“I do believe we need to look at borrowing money, and by that I mean selling bonds. We need to be very careful not to increase our debt load beyond our ability to pay,” Mrs. Collins said.
Opal Covey, an evangelist and the only other declared mayoral candidate, said she would turn Toledo into a vacation destination and end corruption.
“I don’t like borrowing. I will pursue grants, plus me building this as the vacation city and getting people in here, it will build up our funds,” Ms. Covey said.
She said her plan for putting an amusement park on Promenade Park, instead of turning it over to ProMedica for a headquarters, would fuel a tourism surge that would generate ample tax revenues.
“We would be able to fix the streets in the first year,” she said. “I am receiving it from God that [Promenade Park] was already taken by God for an amusement park and that the ProMedica thing is going to fall through.”
Former Mayor Carty Finkbeiner had a two-pronged prescription: no capital improvements dollars for anything but road improvements starting as soon as 2016, and instituting a regional metropolitan government that would allow the county or region to help share the costs.
“We will repave 40 street miles annually. I’m going to ask a team of businessmen, bean-counter types, to take a look at the city budget immediately upon election night results and ask them to have in my possession as quickly as they can, but not later than 90 days, recommendations as to how and where the city budget is capable of being reduced. My goal would be to have in the first budget year to have us off the capital budget for anything other than capital improvements expenditures,” Mr. Finkbeiner said.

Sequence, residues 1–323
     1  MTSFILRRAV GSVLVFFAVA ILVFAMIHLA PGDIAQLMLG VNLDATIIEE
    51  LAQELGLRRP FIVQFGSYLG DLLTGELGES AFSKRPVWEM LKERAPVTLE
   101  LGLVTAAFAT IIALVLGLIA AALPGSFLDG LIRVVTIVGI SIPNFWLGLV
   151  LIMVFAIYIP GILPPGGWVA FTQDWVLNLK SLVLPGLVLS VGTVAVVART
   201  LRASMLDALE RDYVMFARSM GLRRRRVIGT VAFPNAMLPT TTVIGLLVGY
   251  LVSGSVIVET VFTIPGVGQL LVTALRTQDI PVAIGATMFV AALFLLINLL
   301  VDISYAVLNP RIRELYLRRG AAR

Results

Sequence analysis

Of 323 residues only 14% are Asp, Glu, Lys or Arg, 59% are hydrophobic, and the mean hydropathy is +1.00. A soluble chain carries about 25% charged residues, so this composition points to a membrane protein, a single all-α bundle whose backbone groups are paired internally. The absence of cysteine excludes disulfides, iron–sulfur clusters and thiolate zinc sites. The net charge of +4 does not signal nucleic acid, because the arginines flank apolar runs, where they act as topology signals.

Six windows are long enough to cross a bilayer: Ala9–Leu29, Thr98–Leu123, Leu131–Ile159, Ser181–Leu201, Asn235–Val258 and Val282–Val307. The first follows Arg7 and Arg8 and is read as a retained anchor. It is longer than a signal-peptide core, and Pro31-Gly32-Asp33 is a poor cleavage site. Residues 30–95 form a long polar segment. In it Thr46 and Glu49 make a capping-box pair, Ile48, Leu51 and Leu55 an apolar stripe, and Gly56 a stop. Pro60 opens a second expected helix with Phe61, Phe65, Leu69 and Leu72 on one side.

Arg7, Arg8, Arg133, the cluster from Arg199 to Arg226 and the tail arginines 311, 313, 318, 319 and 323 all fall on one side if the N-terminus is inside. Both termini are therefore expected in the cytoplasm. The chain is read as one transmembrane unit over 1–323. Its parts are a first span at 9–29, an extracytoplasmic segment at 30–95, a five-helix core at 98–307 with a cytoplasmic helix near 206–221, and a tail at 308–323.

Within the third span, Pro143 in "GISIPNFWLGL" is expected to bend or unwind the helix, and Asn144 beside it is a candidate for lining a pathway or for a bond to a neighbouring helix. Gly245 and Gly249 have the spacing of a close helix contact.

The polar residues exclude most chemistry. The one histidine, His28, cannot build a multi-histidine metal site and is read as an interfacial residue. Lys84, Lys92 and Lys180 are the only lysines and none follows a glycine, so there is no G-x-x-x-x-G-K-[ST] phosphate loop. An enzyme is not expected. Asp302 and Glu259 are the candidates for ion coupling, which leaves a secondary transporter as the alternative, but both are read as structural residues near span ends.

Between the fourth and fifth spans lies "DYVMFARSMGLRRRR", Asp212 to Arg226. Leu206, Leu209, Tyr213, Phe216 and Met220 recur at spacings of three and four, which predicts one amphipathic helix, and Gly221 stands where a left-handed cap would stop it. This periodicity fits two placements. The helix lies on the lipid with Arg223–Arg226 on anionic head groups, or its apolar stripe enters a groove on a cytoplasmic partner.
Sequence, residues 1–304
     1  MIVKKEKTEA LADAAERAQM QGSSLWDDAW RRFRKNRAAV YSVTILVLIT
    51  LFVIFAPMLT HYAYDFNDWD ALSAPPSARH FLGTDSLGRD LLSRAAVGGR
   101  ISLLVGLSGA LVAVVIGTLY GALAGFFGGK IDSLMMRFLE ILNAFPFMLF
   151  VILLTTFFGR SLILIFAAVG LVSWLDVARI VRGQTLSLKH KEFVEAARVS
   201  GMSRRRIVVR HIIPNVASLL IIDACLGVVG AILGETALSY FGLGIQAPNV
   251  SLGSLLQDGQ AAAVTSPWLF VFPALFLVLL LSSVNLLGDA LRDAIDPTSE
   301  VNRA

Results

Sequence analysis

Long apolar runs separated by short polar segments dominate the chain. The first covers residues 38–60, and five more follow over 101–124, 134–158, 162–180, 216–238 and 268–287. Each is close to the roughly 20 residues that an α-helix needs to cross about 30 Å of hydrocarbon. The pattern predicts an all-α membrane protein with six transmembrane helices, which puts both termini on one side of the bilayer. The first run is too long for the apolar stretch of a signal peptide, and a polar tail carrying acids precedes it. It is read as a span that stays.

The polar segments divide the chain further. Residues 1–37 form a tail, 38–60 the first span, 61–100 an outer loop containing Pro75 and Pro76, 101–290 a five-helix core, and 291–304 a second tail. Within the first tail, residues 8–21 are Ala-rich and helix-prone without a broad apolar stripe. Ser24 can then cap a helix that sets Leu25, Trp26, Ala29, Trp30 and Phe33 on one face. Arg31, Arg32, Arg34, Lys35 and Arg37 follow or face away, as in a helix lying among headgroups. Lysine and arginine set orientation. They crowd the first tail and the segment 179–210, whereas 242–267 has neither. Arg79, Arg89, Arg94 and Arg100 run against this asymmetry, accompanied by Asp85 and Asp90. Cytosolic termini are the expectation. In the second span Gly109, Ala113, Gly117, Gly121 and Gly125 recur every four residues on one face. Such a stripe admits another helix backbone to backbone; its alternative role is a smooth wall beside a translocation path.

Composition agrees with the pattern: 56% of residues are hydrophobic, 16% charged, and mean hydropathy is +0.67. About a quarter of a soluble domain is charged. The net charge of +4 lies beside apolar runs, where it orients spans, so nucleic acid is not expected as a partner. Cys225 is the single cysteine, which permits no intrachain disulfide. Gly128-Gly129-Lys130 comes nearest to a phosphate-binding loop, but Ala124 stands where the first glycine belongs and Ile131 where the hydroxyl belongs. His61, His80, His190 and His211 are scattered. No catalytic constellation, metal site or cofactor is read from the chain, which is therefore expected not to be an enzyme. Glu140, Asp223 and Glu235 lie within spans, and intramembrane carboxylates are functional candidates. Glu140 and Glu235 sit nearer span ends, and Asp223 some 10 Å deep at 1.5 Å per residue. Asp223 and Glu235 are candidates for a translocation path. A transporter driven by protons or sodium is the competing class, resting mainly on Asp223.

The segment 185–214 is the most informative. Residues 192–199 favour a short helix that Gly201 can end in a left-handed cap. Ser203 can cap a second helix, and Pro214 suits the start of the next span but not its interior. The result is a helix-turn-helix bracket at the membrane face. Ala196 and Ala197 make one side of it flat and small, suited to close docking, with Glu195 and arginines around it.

“Ultimately I do believe we have to have a regional approach to solving the roads problem,” Mr. Finkbeiner said.
Mr. Finkbeiner, who is actively campaigning but hasn’t declared himself a definite candidate, said the condition of the city’s roads has been worsening since 2010, when Toledo voters agreed to allow one-third of the revenue from the 0.75-percent temporary income tax, which was previously earmarked for capital improvements, to be used for daily operations.
He opposed an earlier attempt in 2009 to divert money from the capital improvements portion of the temporary tax, predicting “drastic cuts to our streets.”
Mr. Finkbeiner said the necessity for borrowing from the capital budget is largely because of the city’s overtime bill, which he said points to managers not doing their jobs.
Toledo at-large Councilman Rob Ludeman, who is considering entering the mayoral contest, said he hopes the improved economy helps Toledo gain the necessary revenues. He said the problem was caused by “the worst economy in my lifetime,” two harsh winters in a row, and the state slashing local government funds.
“We need to shift away from using CIP dollars in the general fund and make sure we have those funds for street repaving. We need to be more aggressive in working with the state for grants,” Mr. Ludeman said.
Weaned by now
Former Mayor Mike Bell, who also is undecided about running for mayor again, said the city should have been weaned by now off the diversions from the capital improvement budget that began in his first year as mayor, 2010.
“The reason we got into borrowing was we didn’t want to eliminate basic services. It was a risk, but it’s one that I think has paid off,” Mr. Bell said. “The whole intent from my administration was to wean ourselves and be, by now, off of it.”
He said Toledo needs more revenue to improve its infrastructure, and that’s a decision only Toledo taxpayers can make.
“There’s no way you can fix that without having more money put into the system,” he said. He also said the federal government should provide some help to older cities that have aging infrastructure.
Staff Writer Ignazio Messina contributed to this report.